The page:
This declaration on Quality of Life for Older Adults highlights some central topics that were discussed at the New Horizons Expert Workshop on Quality of life in Old Age held as part of the XXIXth International Congress of Psychology in Berlin, 2008.
In many countries life expectancy has dramatically increased over the past 100 years – with an average gain of 30 years. The shift in life expectancy has consequences for current aging cohorts, and for future cohorts, for the aging individual, for the relevant institutions of the welfare state, and for the science of psychology at large.
Quality of life encompasses many individual aspects of functioning, such as physical and mental health, cognitive processing, and social participation. In addition, quality of life also refers to adequate contexts and environments, such as family support, access to social and health services, environmental stimulation and safety, and a satisfying economic standing. All this concerns populations that become more and more heterogeneous in terms of their physical and mental conditions, lifestyles, ethnicities and religions. Discussions of the quality of life in old age thus need to focus on how to activate and promote resources and unused potentials, how to prevent or delay age-associated declines, and how to introduce therapeutic interventions that compensate age-related losses and thus maintain competence and mental health.
- Activate resources and potentials of older adults. There are many possibilities for increasing the quality of life by social participation, be it through volunteering or through new formats of age-fair work that avoid marginalization of the elderly without putting undue pressures on those who cannot live-up to standards of activity but allowing those who are able and want to continue working after the mandatory retirement age. For future cohorts we need to make sure that education, work, and leisure occur at varying levels of intensity and quality over the entire life span, rather than in a fixed linear sequence as is still common.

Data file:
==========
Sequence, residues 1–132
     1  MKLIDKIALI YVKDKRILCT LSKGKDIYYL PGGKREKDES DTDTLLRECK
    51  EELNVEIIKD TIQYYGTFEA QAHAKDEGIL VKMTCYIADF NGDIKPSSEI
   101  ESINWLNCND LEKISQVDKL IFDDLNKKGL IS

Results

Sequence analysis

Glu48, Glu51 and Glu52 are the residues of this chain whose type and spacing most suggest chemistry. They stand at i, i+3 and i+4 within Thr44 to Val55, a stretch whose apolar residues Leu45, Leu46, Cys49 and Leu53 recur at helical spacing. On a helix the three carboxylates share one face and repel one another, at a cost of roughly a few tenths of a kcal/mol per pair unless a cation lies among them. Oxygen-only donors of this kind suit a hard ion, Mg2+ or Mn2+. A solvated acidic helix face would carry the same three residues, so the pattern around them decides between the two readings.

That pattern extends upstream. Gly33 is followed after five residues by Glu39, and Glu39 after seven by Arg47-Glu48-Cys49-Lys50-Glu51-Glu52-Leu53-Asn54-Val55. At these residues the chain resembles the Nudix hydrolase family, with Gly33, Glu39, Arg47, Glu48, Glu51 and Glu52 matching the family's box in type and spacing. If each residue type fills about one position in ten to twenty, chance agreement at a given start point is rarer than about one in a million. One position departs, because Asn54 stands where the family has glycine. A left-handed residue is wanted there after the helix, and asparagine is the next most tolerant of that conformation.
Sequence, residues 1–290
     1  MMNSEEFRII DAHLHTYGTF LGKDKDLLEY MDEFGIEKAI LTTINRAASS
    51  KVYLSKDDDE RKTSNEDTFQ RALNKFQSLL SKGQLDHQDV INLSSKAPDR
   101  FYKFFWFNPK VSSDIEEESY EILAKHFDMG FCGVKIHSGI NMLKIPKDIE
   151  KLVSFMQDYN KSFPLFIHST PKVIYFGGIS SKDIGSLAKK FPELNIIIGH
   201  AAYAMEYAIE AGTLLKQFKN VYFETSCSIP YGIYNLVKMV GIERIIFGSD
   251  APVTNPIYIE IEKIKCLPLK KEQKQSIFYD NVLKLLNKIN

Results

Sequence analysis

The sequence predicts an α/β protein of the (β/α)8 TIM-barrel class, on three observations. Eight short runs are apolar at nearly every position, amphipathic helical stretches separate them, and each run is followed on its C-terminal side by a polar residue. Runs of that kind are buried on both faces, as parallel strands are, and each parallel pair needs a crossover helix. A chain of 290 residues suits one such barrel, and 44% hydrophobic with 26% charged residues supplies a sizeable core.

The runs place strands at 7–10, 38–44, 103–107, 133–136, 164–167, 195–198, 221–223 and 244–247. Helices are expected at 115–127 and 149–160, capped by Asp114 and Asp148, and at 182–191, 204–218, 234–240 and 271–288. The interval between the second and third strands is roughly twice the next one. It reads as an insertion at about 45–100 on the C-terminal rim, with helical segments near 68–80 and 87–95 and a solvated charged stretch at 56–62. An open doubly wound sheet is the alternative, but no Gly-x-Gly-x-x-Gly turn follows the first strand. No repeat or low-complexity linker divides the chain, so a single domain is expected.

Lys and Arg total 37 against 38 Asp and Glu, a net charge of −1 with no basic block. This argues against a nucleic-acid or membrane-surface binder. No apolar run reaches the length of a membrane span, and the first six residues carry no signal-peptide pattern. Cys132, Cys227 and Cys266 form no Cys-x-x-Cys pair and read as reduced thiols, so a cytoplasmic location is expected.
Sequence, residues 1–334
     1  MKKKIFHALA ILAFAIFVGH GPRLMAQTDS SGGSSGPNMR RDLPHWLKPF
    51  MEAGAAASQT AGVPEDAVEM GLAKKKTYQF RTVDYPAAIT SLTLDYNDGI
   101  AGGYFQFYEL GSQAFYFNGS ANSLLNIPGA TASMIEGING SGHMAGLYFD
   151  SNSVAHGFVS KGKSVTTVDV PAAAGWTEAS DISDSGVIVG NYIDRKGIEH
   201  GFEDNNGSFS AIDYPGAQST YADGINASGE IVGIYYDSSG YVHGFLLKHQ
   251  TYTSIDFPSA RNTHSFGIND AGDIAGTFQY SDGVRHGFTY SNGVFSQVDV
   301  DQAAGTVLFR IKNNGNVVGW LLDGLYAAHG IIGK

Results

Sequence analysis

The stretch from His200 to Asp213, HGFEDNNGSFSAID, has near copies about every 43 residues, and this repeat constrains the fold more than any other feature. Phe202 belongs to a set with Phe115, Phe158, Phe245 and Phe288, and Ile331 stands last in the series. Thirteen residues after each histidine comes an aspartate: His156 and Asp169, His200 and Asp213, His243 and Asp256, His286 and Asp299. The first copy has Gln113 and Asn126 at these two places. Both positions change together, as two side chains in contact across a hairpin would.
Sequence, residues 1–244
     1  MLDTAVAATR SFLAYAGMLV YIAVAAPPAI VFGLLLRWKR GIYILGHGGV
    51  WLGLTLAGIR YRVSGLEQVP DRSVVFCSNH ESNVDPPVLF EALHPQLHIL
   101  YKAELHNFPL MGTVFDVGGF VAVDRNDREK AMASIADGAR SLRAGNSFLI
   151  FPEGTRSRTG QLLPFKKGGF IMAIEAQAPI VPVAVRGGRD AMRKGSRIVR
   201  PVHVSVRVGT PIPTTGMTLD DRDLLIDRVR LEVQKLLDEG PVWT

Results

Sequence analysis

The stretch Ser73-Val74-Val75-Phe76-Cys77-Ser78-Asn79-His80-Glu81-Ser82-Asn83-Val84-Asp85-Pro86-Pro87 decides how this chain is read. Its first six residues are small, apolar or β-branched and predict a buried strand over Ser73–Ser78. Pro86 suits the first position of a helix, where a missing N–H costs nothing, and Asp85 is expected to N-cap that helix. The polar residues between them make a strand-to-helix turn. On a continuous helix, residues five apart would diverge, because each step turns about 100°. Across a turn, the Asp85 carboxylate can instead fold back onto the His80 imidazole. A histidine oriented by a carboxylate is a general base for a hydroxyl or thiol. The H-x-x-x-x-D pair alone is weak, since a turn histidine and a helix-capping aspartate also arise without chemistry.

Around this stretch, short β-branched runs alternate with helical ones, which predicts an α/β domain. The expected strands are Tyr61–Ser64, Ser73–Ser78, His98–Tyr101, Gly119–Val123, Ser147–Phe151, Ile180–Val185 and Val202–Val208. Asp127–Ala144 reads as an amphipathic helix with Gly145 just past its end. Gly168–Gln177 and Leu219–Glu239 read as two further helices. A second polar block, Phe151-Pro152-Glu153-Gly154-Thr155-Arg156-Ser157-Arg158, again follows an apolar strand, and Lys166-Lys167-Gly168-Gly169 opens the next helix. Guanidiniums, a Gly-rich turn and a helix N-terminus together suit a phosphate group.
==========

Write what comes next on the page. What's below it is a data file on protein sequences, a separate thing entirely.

- Promotion of competence. Solid evidence from decades of cognitive training research has shown that there is enormous plasticity of functioning - within biological limits. Particularly the ages between 60 and 80 offer a late possibility to avoid or compensate normative losses of functioning by intervention. Recent research on the role of physical activity and cognitively engaging activities on neuronal growth and plasticity in animals has shed new light on the mechanisms possibly involved in human aging. Cognitive training research has been successful to illustrate plasticity of cognitive functioning but at the same time has demonstrated very limited generalizability. The only exception so far is training of aerobic fitness and its broad effects on cognitive performance. Thus, as a next step, it is necessary to develop ecologically valid interventions (including, for instance, changes in the work environment) and to test their effects.